Announced in April 1989, NEC Corporation's SX-3/44R became the fastest supercomputer in the world in 1990. Based on NEC's SX-2 supercomputer from 1983, the SX-3 consists of seven models ranging from 1.4 GFLOPS uniprocessor to maximum performance of 22 GFLOPS quad processor model.
In 1993 the TOP500 project was launched to improve and renew the Mannheim supercomputer statistics. The organization ranks systems using the Linpack benchmark—the ability to solve a set of linear equations using a dense random matrix. Since 1993, TOP500 has published two lists a year (June and November) detailing the fastest supercomputers in the world. A timeline from TOP500 can be found here.
In March 1996, the Hitachi SR2201, a 1,024 processor, achieved 232.4 GFLOPS to become the fastest computer in the world. This was surpassed in June 1997 by the Intel ASCI Red supercomputer, the first teraflop/s computer. During the 90s when vector computers became less important, the US Department of Energy's ASCI (Accelerated Strategic Computing Initiative) program opened new funds with a focus on defense applications. Intel's ASCI Red used the cluster model.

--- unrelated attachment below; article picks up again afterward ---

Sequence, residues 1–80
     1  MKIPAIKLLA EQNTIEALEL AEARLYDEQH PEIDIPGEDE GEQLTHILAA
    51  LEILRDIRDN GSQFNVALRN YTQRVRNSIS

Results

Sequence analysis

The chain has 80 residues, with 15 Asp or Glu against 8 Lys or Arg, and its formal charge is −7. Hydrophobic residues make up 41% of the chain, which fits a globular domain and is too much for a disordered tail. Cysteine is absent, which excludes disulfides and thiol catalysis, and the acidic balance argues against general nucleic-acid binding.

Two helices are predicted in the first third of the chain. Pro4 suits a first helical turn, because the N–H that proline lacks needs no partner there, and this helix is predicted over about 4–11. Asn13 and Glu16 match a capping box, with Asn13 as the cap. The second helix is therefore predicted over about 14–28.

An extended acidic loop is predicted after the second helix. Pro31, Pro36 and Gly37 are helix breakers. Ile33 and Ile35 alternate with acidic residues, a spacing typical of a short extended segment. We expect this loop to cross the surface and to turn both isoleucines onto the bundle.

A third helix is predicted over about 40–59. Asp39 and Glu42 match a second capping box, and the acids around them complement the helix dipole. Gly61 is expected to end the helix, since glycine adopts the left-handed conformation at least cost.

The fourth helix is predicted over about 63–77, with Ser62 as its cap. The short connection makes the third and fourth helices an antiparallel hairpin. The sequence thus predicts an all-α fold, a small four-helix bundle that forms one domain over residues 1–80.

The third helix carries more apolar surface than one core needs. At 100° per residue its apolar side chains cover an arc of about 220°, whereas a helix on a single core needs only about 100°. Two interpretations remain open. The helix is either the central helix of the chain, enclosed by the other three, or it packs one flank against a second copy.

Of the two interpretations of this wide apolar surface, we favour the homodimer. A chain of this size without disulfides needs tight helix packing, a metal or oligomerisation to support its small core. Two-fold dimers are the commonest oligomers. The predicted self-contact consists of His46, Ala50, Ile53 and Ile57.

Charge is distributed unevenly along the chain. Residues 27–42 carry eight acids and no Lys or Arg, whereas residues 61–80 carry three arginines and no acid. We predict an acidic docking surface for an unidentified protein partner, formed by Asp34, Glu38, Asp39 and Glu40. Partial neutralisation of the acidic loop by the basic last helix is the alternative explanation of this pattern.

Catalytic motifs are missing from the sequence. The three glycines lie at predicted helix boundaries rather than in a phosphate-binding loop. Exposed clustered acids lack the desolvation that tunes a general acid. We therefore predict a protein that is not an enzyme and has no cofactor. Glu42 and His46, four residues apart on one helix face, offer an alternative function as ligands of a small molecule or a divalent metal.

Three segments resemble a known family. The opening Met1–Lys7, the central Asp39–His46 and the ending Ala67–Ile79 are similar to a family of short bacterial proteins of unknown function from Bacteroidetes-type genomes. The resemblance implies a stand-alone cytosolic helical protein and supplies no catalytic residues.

On May 11th, 1997, IBM's Deep Blue became the first computer to beat a reigning world chess champion. Through six games, IBM Deep Blue won two games, lost one, and drew three.
Most modern supercomputers use the cluster model and many incorporate both CPUs and GPUs to work together to perform calculations. The following are the top supercomputer players, in terms of power:
- Supercomputer Fugaku (Fujitsu)
- Summit (IBM)
- Sierra (IBM/INVIDIA)
- Sunway TaihuLight
- Perlmutter (HPE)
- Selene (NVIDIA)
Supercomputer Fugaku became the fastest computer in the world in June 2020, with 442 Pflop/s exceeding the performance of Summit. The system is installed at Riken Center for Computational Science (R-CCS) in Kobe, Japan. Supercomputer Fugaku was co-developed by Riken and Fujitsu and is based on Fujitsu’s custom ARM A64FX processor.
The diagram below shows a timeline of key IBM supercomputers dating back to the Naval Ordnance Research Calculator (NORC) developed in 1954.
A Brief History of Supercomputers
Seymour Cray -- Father of the Supercomputing Industry
November 23, 2009
Seymour Cray and 20th Century Super Computers
September 10, 2020
Timeline of the MUSE/Atlas project at Manchester University,
1955 – 1971.
US4128880A - Computer vector register processing - Google Patents
Seymour R. Cray, Jr.
June 30, 1976